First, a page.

DevOps practices and culture have led to a growing trend of dividing monolith and microservices. Despite the efforts of the organizations involved, it is feasible that these monoliths have evolved into “distributed monoliths” rather than microservices. Since You’re Not Building Microservices argued that “you’ve substituted a single monolithic codebase for a tightly interconnected distributed architecture” (the piece that prompted this one).
It is difficult to determine whether your architecture is distributed monolithic or composed of several more microservices. It’s essential to remember that the answers to these questions may not always be clear-cut exceptions—after all, the current software is nothing if not complicated.
Distributed Monolith resembles microservices architecture but is monolithic. Microservices are misunderstood. Not merely dividing application entities into services and implementing CRUD with REST API. These services should only communicate synchronously.
Microservices apps have several benefits. Creating one may result in a distributed monolith..
Your microservice is a distributed monolith if:
Instead of constructing a monolithic app, break it into more minor, interconnected services. Each microservice has a hexagonal architecture with business logic and adapters. Some microservices expose REST, RPC, or message-based APIs, and most services consume them. Microservice architecture affects the application-database connection. It duplicates data. Having a database schema per service ensures loose coupling in microservices. Polyglot persistence design allows a service to use the best database for its needs.
Mobile, desktop, and online apps use some APIs. Apps can’t access back-end services directly. API Gateways mediate communication. The API Gateway balances loads, caches data, controls access, and monitors API usage.
Building microservices and distributing monoliths are our goal. Sometimes implementation turns an app into a distributed monolith. Bad decisions or application requirements, etc. Some system attributes and behaviors can help you determine if a system has a microservice design or is a distributed monolith.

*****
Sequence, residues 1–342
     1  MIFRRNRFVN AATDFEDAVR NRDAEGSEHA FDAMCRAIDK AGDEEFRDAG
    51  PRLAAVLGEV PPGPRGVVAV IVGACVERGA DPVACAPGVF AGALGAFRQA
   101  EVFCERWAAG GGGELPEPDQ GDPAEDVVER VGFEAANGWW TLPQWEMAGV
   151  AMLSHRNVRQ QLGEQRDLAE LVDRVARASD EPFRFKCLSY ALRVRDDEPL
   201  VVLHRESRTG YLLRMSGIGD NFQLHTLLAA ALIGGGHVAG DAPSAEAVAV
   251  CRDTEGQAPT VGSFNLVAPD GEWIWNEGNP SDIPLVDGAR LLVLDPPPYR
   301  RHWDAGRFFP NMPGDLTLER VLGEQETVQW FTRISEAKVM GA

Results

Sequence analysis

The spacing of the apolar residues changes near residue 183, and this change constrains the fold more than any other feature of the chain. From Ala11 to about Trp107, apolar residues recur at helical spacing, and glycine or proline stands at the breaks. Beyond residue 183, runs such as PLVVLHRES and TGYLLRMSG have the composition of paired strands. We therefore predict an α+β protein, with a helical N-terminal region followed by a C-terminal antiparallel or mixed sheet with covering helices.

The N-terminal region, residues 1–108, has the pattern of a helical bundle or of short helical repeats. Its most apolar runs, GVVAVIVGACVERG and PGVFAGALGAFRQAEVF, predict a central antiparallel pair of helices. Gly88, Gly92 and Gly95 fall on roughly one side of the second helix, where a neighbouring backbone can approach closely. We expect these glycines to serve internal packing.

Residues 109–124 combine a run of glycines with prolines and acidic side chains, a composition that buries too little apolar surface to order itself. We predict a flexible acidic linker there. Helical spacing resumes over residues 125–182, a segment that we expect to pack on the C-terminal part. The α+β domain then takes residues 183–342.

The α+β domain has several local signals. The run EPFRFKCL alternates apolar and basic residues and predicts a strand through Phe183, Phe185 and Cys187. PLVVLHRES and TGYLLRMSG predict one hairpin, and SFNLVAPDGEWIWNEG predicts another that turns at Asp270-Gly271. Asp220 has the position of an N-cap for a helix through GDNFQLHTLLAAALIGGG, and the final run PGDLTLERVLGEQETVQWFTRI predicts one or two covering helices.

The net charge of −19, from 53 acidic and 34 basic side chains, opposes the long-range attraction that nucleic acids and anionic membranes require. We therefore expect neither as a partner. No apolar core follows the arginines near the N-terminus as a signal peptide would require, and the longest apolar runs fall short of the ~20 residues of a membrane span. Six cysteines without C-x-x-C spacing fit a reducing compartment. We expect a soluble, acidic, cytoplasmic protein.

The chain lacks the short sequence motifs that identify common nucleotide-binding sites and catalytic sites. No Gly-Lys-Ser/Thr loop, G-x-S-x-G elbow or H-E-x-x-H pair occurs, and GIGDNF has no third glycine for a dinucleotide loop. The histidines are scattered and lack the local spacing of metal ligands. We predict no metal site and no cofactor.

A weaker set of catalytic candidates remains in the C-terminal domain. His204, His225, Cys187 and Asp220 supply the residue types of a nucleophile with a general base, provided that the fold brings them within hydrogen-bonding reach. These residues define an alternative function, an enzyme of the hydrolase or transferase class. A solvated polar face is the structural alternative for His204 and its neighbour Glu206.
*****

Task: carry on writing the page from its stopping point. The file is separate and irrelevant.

Dispersed services that share a database aren’t distributed—distributed monolith. Two services share a datastore.
A and B share a datastore. Changing Service B’s data structure in Datastore X will affect Service A. The system becomes dependent and tightly connected.
Small data changes affect other services. Loose coupling is ideal in a microservice architecture. Use case: If an e-commerce user table’s data structure changes. It shouldn’t affect products, payments, catalogs, etc. If your application redeploys all other services, it can hurt developer
productivity and customer experience.
Microservices can share codebases or libraries despite having distinct ones. Shared library upgrades can disrupt dependent services and require re-deployment. Microservices become inefficient and changeable.
Consider using a private auth library across services. When a service updates the auth library, it forces all other services to redeploy. This will create a distributed monolith program. An abstracted library with a bespoke interface is a standard solution. In microservices, redundant code is better than tightly connected services.
Coupled services communicate synchronously.
If A needs B’s data or validation, it depends on B. Both services communicate synchronously. Service B fails or responds slowly, harming service A’s throughput. Too much synchronous communication between services can make a microservice-based app a distributed monolith.
Continuous integration and deployments are essential for microservices architecture. If your services use shared deployment or standard CI/CD pipelines, deploying one service will re-deploy all other application services, even if they haven’t changed. It affects customer experience and burdens infrastructure. Loosely linked microservices need independent deployments.
Shared test environments are another criterion—shared test environments couple services, like deployments. Imagine a service that must pass a performance test before production. This stage tests the service’s performance. Suppose this service shares the test environment with
another that conducts performance tests simultaneously. It can impair both services and make it challenging to discover irregularities.
Creating microservices is more than simply dividing and repackaging an extensive monolithic application. Communication, data transfer across services, and more will have to be changed for this to work.
Learn More: Web Development Services of Metaorange Digital
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